For many years we have based our work on the premise that Biologically Adapted Feed improves a horse’s performance. It has been very gratifying to observe the recent explosive growth of interest in the relationship between diet and performance.
The special nutritional needs of young horses have also been receiving more attention. Most horses begin training while they are still growing, and this means their diet should be given special attention. Bone Bruising in the fetlock joint is the most common cause of lameness in the young horses.
A good diet is always adapted to the needs of the individual and support the joints for the young in training we recommend Post Competition.
When a horse leads the life of a professional athlete, it is very important that the horse feeds a diet suited to its individual biological requirements. A diet biologically adapted to a horse is bulk forage in the form of hay–which is the most important staple — along with pasture, oats, salt lick and water.
A racehorse needs energy-rich feed. The most important fuels for working muscles are carbohydrates and fats, and the best source of these nutrients are whole oats.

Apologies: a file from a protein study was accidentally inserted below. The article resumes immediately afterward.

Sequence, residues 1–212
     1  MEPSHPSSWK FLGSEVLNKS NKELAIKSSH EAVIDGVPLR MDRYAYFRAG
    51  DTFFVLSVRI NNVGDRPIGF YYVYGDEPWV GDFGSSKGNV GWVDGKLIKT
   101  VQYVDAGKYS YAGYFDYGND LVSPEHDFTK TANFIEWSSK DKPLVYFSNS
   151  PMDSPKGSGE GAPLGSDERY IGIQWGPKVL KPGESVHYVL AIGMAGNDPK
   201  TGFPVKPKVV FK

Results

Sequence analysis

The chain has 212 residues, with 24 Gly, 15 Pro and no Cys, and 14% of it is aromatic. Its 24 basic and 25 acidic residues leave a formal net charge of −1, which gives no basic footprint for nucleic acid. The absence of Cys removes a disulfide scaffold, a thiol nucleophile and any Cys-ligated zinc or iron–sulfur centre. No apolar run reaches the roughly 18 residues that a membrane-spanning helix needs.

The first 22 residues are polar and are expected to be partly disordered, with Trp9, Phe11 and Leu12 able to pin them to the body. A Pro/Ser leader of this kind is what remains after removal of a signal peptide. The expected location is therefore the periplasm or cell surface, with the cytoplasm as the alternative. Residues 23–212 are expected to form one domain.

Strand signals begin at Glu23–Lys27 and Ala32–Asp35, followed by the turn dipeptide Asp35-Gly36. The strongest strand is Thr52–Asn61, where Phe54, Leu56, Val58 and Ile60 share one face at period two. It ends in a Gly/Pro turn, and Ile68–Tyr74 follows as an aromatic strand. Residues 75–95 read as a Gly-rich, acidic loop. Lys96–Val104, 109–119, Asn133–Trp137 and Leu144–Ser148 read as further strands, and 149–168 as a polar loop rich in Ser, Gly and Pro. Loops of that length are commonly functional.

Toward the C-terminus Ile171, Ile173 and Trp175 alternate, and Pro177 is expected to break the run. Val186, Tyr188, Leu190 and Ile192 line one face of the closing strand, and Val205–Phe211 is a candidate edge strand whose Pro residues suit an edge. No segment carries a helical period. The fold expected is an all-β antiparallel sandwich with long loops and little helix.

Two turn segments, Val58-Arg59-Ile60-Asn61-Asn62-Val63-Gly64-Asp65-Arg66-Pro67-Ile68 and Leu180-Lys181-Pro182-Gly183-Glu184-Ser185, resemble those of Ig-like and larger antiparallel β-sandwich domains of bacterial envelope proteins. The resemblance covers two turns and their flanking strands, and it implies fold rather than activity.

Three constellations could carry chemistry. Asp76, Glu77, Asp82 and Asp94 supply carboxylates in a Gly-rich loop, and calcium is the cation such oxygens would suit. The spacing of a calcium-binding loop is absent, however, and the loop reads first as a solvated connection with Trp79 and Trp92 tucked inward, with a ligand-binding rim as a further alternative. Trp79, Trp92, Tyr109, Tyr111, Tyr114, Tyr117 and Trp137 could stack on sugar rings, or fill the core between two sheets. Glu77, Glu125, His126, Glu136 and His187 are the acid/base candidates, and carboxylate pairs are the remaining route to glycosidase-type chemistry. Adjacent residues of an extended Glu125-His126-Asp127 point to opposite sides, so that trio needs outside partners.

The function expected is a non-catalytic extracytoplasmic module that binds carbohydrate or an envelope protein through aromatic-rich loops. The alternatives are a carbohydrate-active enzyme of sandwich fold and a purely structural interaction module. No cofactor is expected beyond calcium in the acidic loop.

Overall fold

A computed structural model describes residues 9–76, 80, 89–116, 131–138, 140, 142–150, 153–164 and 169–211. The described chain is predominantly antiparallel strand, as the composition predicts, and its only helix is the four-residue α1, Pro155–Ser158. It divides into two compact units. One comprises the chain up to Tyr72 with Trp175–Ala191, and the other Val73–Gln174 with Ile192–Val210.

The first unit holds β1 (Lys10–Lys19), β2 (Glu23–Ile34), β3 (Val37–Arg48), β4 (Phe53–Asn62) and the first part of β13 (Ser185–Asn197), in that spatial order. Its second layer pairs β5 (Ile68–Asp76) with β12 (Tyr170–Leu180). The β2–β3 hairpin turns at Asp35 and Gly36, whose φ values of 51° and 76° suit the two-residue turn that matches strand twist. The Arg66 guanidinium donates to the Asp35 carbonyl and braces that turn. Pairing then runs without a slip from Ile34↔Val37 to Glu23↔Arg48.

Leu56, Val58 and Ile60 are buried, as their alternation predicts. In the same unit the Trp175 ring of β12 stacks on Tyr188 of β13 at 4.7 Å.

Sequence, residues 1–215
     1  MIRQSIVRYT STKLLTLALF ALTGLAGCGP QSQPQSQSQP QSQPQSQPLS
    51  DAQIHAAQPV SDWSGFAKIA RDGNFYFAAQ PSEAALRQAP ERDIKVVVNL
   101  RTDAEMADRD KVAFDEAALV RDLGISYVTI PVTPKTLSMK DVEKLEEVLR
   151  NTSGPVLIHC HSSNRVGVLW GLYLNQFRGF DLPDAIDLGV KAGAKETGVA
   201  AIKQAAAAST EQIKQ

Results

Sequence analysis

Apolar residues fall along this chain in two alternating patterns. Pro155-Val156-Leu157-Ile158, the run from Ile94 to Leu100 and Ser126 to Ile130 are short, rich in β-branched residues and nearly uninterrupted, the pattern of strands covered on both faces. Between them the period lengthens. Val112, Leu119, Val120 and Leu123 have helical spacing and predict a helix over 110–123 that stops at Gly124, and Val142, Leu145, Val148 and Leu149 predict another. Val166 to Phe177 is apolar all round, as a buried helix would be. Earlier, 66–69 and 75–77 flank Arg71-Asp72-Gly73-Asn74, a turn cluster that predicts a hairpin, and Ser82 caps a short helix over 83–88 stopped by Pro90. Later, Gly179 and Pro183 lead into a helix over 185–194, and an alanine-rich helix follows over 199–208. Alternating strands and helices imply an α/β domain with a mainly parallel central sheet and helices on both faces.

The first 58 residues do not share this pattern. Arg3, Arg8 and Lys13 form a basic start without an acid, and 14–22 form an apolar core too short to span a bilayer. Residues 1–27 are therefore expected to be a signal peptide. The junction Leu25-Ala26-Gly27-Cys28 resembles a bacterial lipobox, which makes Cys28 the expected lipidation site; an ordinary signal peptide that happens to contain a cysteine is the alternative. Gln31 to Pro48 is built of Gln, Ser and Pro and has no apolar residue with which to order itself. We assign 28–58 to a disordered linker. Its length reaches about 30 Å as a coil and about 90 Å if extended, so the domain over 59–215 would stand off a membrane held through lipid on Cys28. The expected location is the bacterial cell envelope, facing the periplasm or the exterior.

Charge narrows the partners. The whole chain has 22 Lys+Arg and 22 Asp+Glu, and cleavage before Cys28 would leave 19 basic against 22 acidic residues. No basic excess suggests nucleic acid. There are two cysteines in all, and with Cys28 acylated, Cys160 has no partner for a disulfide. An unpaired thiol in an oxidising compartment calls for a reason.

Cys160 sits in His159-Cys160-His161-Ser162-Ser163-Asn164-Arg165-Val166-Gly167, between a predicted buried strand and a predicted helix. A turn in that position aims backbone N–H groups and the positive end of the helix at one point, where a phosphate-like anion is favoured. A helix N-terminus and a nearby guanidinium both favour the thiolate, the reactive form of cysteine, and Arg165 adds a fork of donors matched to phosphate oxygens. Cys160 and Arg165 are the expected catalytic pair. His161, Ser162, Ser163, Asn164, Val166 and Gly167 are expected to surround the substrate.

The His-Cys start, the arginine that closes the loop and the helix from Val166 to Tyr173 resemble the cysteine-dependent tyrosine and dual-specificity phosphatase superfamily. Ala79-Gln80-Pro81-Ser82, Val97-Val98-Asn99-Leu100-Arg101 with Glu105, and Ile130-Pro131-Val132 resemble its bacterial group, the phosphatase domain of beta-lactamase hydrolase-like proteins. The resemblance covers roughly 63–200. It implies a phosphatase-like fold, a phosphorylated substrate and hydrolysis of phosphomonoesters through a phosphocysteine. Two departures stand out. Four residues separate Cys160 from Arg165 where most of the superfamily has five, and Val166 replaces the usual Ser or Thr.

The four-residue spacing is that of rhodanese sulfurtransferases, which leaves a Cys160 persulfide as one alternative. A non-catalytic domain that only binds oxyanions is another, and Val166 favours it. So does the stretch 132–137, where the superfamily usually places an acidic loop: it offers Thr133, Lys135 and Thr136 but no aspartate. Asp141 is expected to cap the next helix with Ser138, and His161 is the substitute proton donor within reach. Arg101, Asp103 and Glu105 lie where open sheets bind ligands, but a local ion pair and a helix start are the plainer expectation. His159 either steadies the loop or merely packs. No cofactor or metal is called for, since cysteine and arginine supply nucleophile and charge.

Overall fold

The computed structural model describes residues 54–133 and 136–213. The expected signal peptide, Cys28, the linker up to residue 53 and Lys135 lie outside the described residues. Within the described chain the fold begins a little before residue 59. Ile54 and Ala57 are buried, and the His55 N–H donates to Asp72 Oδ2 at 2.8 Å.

Protein is actually not a source of energy. Breaking it down takes more of the horse’s energy than other types of feed, and besides, protein provides very little energy to working muscles. The horse’s body uses protein as an energy source only if it doesn’t get enough carbohydrates and fats to meet its needs.
It is also important to feed the horse at least four times per day. Digestion is governed by the horse’s stomach, which is fairly small and can’t hold much at a single feeding.
Drinking water for horses should be regarded as part of the diet.